Creosote, Naniboujou, tegrat, shann, SciVo, MsGrin

    advertisement of prescription drugs would do a lot more to bring costs down. What's the point of a 60 second spot on TV except to incite millions of uninformed people to pressure their doctors on a subject they know nothing about?

    On the flip side, I'd also reinstate the ban on advertising by lawyers. If they're going to chase ambulances, at least make them spend money on gas.

    •  I also think the whole system (4+ / 0-)
      Recommended by:
      Creosote, tegrat, SciVo, MsGrin

      of doctors being wined and dined by drug reps has got to stop.

      I took my wife to the doctor who prescribed her a particular medication.  Later, I noticed the clock on his wall had the name of the medication, as well as several other items in his office.

      One year later, the drug was found to have potentially damaging effects on the liver.

      I don't want a doctor recommending a drug based on info spoon fed to him or her by a drug rep.

  •  10 Billion. (4+ / 0-)
    Recommended by:
    Creosote, tegrat, SciVo, MsGrin

    That's what Health Insurance companies made a year in PROFIT, according to the April 2007 issue of Fortune magazine.

    That could be a lot of health care.

    Right now, it's not.

    WereBear
    Pootie fan? Me too! Check out my cat advice blog.
    The Way of Cats

    by WereBear on Sat Dec 20, 2008 at 05:07:18 AM PST

  •  The Right Is Wrong About Everything (1+ / 0-)
    Recommended by:
    MsGrin

    By definition. So this is no surprise.

    What you see is what you get, but what you don't see is what ends up getting you.

    by Existentialist on Sat Dec 20, 2008 at 05:35:33 AM PST

  •  Wait! (0+ / 0-)

    I don't quite understand the point of this diary.

    In 2007, health care cost 2 trillion dollars in the US.  If the direct effects of malpractice claims is 0.5 percent, this would amount to 10 billion dollars.

    If the indirect effects of malpractice claims on medical practice increases costs by 10 percent, this would be an additional 200 billion dollars.  This is 200 billion dollars spent on health care that does not change outcomes or improve quality.  It's just wasted money.

    Am I understanding that the argument is that 210 billion dollars is not enough money to be worth worrying about?  

    I don't agree.

    It's too bad the school of hard knocks gives you the final exam before the first class

    by Imavehmontah on Sat Dec 20, 2008 at 06:03:17 AM PST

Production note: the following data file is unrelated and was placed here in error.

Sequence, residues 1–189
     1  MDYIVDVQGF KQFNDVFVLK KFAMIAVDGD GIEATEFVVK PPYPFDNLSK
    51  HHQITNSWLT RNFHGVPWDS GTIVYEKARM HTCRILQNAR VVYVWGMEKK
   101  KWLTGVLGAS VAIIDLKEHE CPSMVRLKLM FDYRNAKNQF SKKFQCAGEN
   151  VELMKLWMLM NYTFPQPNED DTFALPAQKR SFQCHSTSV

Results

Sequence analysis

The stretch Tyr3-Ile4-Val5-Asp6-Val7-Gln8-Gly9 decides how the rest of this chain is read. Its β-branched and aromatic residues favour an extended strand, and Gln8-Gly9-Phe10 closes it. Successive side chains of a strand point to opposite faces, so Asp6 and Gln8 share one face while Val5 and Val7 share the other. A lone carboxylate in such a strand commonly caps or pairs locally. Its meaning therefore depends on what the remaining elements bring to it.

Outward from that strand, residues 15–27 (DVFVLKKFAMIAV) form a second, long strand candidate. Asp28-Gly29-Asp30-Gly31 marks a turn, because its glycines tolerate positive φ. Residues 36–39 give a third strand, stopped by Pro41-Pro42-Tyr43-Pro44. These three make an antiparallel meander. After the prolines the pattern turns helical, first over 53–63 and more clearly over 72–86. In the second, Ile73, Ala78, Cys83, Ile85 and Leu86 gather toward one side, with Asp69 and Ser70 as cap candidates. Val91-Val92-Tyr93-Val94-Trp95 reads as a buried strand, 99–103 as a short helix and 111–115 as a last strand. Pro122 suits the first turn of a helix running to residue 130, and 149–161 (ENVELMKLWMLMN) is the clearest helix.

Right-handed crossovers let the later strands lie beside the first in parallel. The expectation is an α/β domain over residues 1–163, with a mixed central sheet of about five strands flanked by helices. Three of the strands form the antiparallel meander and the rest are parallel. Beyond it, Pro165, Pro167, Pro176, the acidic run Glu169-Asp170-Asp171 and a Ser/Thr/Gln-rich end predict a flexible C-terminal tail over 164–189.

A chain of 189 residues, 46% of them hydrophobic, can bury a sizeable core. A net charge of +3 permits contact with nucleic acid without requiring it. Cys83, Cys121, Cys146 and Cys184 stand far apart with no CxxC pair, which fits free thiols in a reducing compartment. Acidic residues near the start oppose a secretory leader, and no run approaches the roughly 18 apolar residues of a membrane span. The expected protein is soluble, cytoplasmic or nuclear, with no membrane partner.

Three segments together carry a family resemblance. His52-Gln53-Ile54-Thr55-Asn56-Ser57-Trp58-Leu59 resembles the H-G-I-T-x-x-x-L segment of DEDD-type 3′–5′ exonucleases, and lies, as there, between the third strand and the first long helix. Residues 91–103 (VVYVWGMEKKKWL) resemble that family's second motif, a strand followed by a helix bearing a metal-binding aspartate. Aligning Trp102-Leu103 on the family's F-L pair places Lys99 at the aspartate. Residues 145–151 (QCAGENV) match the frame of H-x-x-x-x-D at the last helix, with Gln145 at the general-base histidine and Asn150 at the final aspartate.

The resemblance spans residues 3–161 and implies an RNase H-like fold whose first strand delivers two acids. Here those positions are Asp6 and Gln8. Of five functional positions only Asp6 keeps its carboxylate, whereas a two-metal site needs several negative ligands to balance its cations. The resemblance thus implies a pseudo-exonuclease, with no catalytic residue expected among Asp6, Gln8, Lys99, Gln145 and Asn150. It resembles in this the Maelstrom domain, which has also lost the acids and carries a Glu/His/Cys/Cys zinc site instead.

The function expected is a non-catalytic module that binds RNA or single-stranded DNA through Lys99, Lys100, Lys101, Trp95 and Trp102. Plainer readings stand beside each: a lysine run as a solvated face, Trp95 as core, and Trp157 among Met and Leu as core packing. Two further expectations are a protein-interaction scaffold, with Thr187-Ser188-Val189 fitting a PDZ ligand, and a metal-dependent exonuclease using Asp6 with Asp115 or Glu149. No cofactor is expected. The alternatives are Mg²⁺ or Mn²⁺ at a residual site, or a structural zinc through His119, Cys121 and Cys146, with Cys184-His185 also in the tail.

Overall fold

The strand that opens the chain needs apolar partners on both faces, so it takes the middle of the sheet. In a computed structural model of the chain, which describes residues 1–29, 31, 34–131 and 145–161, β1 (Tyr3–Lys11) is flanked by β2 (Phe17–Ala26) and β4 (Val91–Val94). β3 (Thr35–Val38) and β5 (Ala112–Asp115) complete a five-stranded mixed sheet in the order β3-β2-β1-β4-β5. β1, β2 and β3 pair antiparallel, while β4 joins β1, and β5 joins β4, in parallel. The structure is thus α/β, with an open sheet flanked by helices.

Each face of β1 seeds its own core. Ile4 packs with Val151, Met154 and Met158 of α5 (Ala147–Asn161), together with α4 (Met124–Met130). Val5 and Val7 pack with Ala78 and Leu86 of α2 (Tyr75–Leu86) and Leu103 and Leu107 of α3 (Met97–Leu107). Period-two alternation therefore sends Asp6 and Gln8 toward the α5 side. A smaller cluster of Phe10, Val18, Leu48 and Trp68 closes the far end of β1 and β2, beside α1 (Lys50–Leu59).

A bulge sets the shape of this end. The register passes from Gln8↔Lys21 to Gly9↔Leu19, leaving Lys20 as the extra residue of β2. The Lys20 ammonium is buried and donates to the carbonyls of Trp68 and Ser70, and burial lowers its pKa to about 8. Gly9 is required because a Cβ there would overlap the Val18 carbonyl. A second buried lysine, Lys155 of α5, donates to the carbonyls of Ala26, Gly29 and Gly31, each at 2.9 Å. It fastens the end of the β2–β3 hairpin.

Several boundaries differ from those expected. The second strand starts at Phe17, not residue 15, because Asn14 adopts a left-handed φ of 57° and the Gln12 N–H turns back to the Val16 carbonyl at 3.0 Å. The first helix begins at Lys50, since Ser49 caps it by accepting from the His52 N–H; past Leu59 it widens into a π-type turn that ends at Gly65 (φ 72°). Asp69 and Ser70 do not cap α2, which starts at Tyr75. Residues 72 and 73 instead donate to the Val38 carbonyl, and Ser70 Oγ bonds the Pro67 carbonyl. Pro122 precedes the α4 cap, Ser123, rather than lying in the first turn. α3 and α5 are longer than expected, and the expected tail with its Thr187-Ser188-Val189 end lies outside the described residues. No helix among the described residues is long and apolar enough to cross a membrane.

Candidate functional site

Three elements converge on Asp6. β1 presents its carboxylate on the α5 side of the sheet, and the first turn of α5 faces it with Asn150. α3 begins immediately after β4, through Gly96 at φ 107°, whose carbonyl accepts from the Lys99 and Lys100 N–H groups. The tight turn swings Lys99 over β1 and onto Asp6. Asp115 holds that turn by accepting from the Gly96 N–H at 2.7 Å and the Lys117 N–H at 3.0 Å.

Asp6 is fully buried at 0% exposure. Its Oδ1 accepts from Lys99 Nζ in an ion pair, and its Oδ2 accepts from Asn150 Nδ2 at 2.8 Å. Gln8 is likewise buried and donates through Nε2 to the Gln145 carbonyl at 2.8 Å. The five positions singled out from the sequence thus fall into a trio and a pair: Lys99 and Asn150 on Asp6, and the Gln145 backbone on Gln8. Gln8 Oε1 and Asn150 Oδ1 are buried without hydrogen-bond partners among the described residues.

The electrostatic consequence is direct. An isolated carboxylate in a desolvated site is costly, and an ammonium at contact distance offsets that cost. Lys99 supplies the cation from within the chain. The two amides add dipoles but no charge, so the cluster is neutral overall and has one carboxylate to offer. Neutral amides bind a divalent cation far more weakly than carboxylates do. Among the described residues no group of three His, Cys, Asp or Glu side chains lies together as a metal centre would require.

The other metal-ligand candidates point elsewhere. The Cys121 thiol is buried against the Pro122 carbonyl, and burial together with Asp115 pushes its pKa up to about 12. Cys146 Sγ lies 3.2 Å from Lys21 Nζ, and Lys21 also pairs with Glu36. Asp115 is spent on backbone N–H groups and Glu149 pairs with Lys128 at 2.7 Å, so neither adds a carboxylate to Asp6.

•  I don't agree with the 210 billion number (1+ / 0-)
      Recommended by:
      MsGrin

      That is not supported by the CBO.

      As for the 10 billion, we could have a debate about that, but it should be recognized that we have bigger fish to fry (much bigger fish) in terms of containing health care costs overall.

    •  asdf (1+ / 0-)
      Recommended by:
      SciVo

      You assert that this money (whatever the number) does not change outcomes or improve quality.  I disagree.  Malpractice suits should be the last resort for someone injured by a doctor.  In most cases, they are the only resort.  What mechanism is in place to weed out bad docs?

      Government can't restrict free speech, but corporations can? WTF

      by kyoders on Sat Dec 20, 2008 at 07:42:42 AM PST

      [ Parent ]

      •  A valid malpractice suit should be permitted (0+ / 0-)

        I have no tolerance for actual malpractice.  If someone has been injured by care that does not adhere to practice standards that are known to be effective, there should be recourse.  The practice of defensive medicine is a different matter than adhering to best practice standards.

        The 200 billion (or whatever the number) does not change outcomes or improve quality when it is done in a defensive way that is designed to pre-emptively defend a malpractice suit that may or may not ever come.  Far too many tests are ordered, and the monetary costs and other costs are resources that are wasted that could have gone towards good medical care.  You could do a lot of preventive care for 200 billion dollars.

        The mechanism in place to help fix the problems of docs that make errors is the peer review process.  It needs to be revamped, monitored and augmented to be optimally effective.  Development of electronic medical records that use unambiguous coding of medical terms and outcomes would be a big help to monitor the quality of care and provide remedial steps for docs that are suboptimal.  Again, 200 billion would go a long way towards that goal.

        I would much rather prevent errors than award damages for errors.  Incentives and feedback are the way to go.

        It's too bad the school of hard knocks gives you the final exam before the first class

        by Imavehmontah on Sat Dec 20, 2008 at 04:18:52 PM PST

        [ Parent ]

  •  They all know the same as we know, that (2+ / 0-)
    Recommended by:
    Creosote, SciVo

    it's all about the insurance industry.  They've been gouging their insured for years and getting away with it.  The next move is to prevent having to pay even for  legitimate claims.  It really cuts into their profit margin.